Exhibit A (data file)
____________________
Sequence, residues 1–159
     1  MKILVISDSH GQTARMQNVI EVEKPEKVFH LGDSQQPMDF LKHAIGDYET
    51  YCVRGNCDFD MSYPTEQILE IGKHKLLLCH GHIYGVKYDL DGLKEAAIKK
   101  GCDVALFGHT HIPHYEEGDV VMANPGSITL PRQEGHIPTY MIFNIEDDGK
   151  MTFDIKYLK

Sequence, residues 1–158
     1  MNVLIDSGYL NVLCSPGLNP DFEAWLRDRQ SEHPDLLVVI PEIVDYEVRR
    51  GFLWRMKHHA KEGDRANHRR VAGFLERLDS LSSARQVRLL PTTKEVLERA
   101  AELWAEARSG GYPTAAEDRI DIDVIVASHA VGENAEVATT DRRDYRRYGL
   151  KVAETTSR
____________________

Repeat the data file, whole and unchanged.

Sequence, residues 1–159
     1  MKILVISDSH GQTARMQNVI EVEKPEKVFH LGDSQQPMDF LKHAIGDYET
    51  YCVRGNCDFD MSYPTEQILE IGKHKLLLCH GHIYGVKYDL DGLKEAAIKK
   101  GCDVALFGHT HIPHYEEGDV VMANPGSITL PRQEGHIPTY MIFNIEDDGK
   151  MTFDIKYLK

Sequence, residues 1–158
     1  MNVLIDSGYL NVLCSPGLNP DFEAWLRDRQ SEHPDLLVVI PEIVDYEVRR
    51  GFLWRMKHHA KEGDRANHRR VAGFLERLDS LSSARQVRLL PTTKEVLERA
   101  AELWAEARSG GYPTAAEDRI DIDVIVASHA VGENAEVATT DRRDYRRYGL
   151  KVAETTSR